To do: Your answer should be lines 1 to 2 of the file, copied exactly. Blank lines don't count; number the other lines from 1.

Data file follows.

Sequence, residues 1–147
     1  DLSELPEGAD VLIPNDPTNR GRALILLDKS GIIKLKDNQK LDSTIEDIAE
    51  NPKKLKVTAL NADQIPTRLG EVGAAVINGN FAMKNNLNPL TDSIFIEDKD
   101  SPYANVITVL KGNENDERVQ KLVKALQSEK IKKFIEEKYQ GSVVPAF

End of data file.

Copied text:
Sequence, residues 1–147
     1  DLSELPEGAD VLIPNDPTNR GRALILLDKS GIIKLKDNQK LDSTIEDIAE